Definite important factor - let the parents know what is going on...make suggestions on how and what you can do to help the situation until they return...follow-up with necessary steps.

BTW - like the daycare couldn't tell something was wrong??? A child with that kind of fever is definitely not feeling up to running around and playing.

Are you going to school to get an education degree? It might be well worth it to take a few early childhood education courses. The courses describe the different learning stages, different learning disabilities, and early detection. They also teach many new ways of learning or games for children to enhance their learning environment.



I am going to school right now for my early childhood development degree. I've taken the first part of the development class which covered birth to age 5 which is perfect for me because that the age group I'm working with so far. When it comes to games and such, I'm feel very strongly about television. I will not let the children I take care of watch tv because I feel its more important to read and play games and learn stuff instead of just staring at the tv.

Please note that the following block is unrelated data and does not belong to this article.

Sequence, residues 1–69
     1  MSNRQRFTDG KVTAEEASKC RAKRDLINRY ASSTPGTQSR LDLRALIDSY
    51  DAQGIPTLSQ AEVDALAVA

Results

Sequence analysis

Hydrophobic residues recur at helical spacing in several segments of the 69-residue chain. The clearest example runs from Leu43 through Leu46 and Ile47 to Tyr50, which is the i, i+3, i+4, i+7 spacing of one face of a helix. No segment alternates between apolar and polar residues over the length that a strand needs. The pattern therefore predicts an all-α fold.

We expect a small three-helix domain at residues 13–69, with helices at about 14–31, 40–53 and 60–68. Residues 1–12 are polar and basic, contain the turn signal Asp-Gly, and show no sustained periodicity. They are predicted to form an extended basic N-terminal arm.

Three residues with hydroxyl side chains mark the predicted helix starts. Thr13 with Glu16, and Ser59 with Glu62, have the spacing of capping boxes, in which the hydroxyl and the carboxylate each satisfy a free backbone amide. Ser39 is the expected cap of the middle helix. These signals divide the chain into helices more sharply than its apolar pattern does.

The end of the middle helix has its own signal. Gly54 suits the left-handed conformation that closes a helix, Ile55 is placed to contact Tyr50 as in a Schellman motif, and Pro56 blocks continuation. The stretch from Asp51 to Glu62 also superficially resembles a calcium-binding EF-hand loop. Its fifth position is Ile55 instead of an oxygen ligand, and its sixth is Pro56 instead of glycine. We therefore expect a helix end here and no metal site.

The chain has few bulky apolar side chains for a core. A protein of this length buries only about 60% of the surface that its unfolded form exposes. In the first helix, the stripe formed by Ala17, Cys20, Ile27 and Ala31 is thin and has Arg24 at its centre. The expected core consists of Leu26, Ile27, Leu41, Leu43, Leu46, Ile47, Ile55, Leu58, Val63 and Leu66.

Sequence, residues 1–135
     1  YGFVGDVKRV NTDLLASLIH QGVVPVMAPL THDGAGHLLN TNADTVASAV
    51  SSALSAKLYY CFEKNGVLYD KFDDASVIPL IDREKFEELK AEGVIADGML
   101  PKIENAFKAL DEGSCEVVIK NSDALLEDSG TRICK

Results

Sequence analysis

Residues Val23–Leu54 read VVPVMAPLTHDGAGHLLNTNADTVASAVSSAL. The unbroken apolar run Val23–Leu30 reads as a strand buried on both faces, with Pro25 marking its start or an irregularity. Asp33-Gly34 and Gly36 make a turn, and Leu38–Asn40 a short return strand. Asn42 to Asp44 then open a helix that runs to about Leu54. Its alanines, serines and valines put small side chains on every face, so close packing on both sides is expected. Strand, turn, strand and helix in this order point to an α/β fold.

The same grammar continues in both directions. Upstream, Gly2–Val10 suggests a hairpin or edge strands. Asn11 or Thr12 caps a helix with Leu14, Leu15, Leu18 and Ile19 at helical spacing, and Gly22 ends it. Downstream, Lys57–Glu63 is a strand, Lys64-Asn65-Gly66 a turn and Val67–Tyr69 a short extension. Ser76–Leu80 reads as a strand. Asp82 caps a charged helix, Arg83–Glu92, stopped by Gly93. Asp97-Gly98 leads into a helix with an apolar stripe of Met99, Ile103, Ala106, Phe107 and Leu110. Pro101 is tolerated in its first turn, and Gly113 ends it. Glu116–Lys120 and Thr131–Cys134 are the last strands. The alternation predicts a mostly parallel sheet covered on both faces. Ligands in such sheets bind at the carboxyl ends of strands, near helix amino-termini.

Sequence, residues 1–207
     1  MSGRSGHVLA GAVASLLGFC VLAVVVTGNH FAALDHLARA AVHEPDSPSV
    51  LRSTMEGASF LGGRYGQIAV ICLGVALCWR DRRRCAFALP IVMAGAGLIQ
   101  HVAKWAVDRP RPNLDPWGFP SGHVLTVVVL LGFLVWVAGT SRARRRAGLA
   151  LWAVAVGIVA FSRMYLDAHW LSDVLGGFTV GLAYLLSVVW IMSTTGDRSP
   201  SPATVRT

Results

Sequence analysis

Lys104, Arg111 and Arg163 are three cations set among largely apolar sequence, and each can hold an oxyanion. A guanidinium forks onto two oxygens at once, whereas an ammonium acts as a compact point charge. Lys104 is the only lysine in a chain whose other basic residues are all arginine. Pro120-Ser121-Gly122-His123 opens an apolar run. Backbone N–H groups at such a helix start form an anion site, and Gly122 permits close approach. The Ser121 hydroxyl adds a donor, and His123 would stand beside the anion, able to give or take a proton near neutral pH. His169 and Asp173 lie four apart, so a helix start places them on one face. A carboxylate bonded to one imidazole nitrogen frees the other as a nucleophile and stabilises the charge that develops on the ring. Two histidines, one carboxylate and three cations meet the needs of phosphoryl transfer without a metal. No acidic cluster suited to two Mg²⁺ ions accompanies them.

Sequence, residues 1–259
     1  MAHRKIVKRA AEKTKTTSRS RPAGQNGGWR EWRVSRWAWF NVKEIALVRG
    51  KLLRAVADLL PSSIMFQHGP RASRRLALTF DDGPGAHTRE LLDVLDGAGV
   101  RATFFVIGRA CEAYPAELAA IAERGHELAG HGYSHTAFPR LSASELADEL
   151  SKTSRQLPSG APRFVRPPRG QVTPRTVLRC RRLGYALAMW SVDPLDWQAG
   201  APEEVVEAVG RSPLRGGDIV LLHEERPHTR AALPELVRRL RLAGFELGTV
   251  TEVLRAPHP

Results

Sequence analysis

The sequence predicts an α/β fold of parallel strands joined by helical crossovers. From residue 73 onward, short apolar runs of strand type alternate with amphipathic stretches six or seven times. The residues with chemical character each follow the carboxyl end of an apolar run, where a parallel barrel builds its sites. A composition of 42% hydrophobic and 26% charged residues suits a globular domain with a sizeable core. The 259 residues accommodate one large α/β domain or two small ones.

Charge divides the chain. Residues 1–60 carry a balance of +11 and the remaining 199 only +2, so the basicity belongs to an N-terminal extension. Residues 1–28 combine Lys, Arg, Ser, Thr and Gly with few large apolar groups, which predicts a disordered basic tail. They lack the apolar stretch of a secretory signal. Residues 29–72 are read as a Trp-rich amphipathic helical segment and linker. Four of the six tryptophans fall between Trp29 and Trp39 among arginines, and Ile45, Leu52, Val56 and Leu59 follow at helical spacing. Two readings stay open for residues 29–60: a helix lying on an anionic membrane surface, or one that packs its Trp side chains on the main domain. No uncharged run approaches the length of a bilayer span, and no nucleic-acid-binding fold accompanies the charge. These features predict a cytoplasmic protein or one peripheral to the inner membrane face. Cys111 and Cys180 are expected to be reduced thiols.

Children are a passion of mine and I've been told that I'm very good with children so the majority of this stuff comes naturally to me.
Link Posted: 8/25/2005 9:11:23 AM EDT
Did they ever find out what was wrong with the child? was it strep or ear infection (most common).?

By the way, I agree on limiting the TV, just don't be a TV nazi like a couple of my professors in grad school recently. One would let her child watch any Tv, participate in birthdays at the daycare, etc. Moderation is good, extremism is not.


Glad to hear he is better and you sound like you will be a good caring Teacher and Mommy someday. Both of which are ALWAYS needed.

Essayons
Link Posted: 8/25/2005 9:32:41 AM EDT

Originally Posted By CbtEngr1:
Did they ever find out what was wrong with the child? was it strep or ear infection (most common).?

By the way, I agree on limiting the TV, just don't be a TV nazi like a couple of my professors in grad school recently. One would let her child watch any Tv, participate in birthdays at the daycare, etc. Moderation is good, extremism is not.